A growing sports apparel trend is making it increasingly difficult for Dick’s Sporting (DKS) to “stay relevant,” says one equities analyst.

“Dick’s may be the largest pure sporting goods chain in the U.S., but nearly all items in its inventory are available at other stores and online,” David Swartz, analyst at Morningstar, wrote in a note to investors.

He points out major brands are selling more directly to the consumer. For example, Adidas’ (ADDYY) direct-to-consumer business constituted 33% of sale last year, up from 25% in 2015.

“We think the COVID-19 crisis, which forced the temporary closures of Dick’s stores in 2020, could accelerate the digital and direct-to-consumer trends,” said Swartz.

The analyst says Dick’s market position is not strong enough to to prevent vendors from offering merchandise in alternate channels. The sporting goods company faces competition from a long list of retailers including, Walmart (WMT) Amazon (AMZN), Kohls (KSS), Macy’s (M), Foot Locker (FL), and Hibbett Sports (HIBB).

“While we believe Dick’s relationships with vendors are generally good, its largest vendors also have relationships with other retailers, some of which are much larger. Walmart, for example, has more than 5,000 stores in the U.S., about 6 times as many as Dick’s,” he added.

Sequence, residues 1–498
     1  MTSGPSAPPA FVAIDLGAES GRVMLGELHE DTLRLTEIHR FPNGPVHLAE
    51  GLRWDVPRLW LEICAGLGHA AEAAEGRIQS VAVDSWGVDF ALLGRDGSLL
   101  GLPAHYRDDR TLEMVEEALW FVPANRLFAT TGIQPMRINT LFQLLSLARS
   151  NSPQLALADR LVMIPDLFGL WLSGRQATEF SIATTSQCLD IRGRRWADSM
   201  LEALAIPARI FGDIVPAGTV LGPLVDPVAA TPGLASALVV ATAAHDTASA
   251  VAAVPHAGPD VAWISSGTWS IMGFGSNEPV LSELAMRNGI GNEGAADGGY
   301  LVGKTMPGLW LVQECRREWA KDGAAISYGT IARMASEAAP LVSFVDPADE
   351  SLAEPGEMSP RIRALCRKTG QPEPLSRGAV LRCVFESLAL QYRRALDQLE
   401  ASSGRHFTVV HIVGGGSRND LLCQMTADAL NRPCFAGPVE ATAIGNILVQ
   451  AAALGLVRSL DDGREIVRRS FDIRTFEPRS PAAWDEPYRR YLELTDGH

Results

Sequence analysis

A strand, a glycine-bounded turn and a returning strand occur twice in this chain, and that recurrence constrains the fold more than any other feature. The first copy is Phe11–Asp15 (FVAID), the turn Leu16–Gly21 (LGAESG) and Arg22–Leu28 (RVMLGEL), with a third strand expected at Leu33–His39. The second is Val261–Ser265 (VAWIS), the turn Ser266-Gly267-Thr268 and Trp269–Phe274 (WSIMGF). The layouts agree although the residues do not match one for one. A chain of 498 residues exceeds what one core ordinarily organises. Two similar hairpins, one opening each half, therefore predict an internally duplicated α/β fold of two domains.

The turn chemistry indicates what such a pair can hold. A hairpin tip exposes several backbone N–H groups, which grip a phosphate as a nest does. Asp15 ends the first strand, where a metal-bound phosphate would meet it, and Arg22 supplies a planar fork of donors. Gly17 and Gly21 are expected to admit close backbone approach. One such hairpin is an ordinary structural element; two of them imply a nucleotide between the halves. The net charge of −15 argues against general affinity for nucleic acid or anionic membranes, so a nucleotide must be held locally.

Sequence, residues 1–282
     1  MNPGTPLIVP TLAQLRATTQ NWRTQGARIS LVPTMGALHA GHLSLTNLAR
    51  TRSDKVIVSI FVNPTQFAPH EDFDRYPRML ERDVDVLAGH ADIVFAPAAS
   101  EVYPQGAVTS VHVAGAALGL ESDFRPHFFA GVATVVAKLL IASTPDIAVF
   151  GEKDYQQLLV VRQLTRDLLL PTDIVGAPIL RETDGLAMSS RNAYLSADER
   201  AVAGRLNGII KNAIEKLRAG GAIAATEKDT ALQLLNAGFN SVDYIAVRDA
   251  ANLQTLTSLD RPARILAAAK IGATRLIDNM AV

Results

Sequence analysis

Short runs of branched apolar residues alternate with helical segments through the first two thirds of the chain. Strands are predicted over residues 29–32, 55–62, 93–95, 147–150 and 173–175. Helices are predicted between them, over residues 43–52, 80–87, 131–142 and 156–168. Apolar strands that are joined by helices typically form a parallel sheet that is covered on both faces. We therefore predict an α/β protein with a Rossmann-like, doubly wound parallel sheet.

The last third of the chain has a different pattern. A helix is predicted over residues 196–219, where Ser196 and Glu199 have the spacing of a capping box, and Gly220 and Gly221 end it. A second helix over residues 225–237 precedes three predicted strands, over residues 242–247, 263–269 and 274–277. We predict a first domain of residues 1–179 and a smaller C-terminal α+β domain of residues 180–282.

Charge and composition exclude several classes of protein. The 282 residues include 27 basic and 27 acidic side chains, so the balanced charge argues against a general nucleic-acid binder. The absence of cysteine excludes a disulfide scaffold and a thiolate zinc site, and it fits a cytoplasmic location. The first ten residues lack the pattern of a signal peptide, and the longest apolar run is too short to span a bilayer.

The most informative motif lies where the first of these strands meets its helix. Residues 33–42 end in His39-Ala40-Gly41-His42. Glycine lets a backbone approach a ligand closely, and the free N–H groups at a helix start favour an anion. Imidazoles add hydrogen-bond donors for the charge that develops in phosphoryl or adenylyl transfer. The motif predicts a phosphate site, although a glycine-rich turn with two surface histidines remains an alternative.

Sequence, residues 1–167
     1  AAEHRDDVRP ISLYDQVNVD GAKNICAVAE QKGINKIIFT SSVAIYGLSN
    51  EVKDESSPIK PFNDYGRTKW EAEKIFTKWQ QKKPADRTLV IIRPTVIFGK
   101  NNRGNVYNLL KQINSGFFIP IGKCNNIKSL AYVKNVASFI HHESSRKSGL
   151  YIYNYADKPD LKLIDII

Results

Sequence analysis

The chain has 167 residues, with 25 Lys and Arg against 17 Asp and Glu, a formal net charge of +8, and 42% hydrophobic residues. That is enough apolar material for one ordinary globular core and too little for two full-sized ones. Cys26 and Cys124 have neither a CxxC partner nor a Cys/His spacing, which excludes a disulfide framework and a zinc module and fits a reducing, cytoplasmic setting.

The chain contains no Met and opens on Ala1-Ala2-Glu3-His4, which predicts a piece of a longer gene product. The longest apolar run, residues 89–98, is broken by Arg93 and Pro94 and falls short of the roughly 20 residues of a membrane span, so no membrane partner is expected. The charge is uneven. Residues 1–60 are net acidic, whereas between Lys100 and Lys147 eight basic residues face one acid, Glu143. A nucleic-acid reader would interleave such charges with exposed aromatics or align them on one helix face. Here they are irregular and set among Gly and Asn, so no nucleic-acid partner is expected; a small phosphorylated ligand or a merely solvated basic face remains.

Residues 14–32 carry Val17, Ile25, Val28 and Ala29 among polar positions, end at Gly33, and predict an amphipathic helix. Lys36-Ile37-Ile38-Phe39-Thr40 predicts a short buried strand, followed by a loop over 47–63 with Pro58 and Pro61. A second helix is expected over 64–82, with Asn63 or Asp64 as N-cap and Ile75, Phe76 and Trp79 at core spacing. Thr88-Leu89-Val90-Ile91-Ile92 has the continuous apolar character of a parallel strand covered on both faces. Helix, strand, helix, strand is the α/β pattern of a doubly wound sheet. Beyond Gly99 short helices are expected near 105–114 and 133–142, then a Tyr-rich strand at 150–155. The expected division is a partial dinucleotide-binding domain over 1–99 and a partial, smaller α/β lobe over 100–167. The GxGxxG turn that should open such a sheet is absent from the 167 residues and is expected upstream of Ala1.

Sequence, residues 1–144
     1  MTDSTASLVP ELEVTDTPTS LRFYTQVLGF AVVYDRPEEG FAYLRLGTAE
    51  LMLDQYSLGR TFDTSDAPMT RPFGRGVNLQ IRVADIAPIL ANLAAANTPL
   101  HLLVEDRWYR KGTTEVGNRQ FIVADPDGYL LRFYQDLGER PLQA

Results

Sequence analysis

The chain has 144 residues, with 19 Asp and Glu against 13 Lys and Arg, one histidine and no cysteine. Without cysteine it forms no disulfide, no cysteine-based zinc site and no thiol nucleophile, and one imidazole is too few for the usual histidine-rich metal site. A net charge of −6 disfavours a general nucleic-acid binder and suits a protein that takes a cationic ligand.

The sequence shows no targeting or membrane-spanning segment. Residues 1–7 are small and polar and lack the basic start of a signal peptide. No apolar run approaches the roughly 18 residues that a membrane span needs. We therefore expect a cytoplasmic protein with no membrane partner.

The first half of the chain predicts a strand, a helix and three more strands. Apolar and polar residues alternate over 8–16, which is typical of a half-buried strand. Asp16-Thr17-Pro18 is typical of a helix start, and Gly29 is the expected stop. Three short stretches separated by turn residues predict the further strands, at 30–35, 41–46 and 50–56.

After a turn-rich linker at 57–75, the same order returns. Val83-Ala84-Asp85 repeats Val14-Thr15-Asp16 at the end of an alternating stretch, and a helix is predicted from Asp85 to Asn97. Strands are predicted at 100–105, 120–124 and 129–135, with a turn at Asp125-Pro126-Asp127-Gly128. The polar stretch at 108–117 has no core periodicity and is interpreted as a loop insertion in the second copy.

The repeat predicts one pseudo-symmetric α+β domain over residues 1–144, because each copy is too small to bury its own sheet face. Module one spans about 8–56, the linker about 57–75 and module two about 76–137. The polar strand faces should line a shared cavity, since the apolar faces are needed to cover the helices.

“Moreover, there are some popular and high-priced athleisure apparel items, such as Lululemon (LULU) yoga pants and Adidas’ Yeezy shoes, that are not available at Dick’s. Some brands make product available only to favored retailers,” said Swartz.

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Gus Promollo delivers an order into a customer’s trunk at Dick’s Sporting Goods in Paramus, N.J., Monday, May 18, 2020. (AP Photo/Seth Wenig)

The analyst says Dick’s recent strategy of aggressive store expansion has not worked to increase profits and attract new customers.

“Although e-commerce (16% of last year’s revenue) has been a bright spot (with sales growing to $1.4 billion in 2019 from $500 million in 2013), we think Dick’s large base of about 850 stores limits its flexibility,” said Swartz.

“We forecast same-store sales growth of 1.5% in the long term and compound average sales growth of just 1.3% over the next decade,” said the analyst.

“We expect Dick’s to fall short of U.S. activewear growth of 3%-5% as store traffic weakens, and it cedes market share to competitors,” he added.

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Ines covers the U.S. stock market for Yahoo Finance. Follow her on Twitter at @ines_ferre

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